JACKSON, Miss. (WLBT) - In spite of the mud and the cold, misty rain, several people were helping Vera Tullos clean out her home and pick up her lot after her trailer was blown off its blocks in the storms.
It was kept from rolling or being blown further into the woods because the winds pushed the hitch up against a tree. Unfortunately, though, the porch was ripped straight off the front of the home.
Tin from the roof was hanging in trees, resting in the brush, and wrapped around other pieces of debris. Pots and lawn chairs and decorations had been thrown around like toys.
Miraculously, Vera had been in town meeting a friend like she did every week. She wasn’t home when the winds hit her house.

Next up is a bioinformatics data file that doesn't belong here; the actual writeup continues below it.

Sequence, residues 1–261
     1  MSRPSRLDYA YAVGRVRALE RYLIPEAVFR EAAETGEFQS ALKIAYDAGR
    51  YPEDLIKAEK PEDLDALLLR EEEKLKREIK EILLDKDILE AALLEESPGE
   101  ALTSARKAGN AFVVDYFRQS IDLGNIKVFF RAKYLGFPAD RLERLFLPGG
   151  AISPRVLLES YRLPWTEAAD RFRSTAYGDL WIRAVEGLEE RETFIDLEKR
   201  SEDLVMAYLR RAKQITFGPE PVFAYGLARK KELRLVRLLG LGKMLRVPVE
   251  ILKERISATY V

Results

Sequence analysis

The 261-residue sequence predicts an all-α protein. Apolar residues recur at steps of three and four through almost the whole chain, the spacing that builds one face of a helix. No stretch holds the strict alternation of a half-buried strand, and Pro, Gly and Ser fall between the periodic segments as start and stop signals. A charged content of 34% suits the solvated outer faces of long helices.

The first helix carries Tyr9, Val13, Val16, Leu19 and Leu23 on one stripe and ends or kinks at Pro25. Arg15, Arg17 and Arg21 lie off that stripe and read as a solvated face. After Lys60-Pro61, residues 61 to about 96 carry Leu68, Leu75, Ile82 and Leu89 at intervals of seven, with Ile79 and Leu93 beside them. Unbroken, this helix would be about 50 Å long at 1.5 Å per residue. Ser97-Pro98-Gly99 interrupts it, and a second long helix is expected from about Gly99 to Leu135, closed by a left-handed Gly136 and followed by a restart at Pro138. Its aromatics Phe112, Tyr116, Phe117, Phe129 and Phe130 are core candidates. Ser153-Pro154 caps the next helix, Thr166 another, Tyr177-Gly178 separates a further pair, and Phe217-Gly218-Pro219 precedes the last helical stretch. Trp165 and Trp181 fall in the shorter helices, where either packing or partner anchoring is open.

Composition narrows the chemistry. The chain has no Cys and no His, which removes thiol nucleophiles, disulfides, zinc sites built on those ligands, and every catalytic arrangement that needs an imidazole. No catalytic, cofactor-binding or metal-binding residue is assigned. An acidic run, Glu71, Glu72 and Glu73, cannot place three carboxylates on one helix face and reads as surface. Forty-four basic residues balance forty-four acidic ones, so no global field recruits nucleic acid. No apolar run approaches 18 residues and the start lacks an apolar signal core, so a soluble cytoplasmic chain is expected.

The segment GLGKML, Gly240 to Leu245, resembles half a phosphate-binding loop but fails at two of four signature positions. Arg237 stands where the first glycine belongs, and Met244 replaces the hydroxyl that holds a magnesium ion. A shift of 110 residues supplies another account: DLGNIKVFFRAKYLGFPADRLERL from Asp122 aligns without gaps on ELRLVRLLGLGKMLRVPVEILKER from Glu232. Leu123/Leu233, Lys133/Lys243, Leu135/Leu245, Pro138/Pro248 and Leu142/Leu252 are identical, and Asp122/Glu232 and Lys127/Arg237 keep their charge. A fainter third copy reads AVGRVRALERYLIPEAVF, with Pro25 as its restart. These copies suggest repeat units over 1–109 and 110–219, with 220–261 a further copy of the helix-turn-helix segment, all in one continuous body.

Vera and her friends didn’t want to talk on camera, but one of them told us it’s not the first time disaster had struck her home. She had a house on that slab that burned down several years ago. Now she’s picking up the pieces again.
She wasn’t the only one dealing with the aftermath of the storm. A few miles down the path of the tornado, J.D. Barnard had seen the twister as it approached his home. He called his wife to get to their storm shelter, but he couldn’t reach his home before the storm did.
“By the time I got to the house it had already come through here and torn everything up. I could see it out the back door of the house and saw it going across the woods,” he said.
Barnard says he has several trees down and 11 broken fences. That’s a problem for a guy with more than 100 cows. He says it was more of a problem for the cows.
“I’ve got cows over here behind this house, they got hit worse. They were so scared last night they wouldn’t even move out of that field. I never had run into that problem before,” said Barnard.
The National Weather Service says they will assess the damage in Simpson and Smith counties on Friday.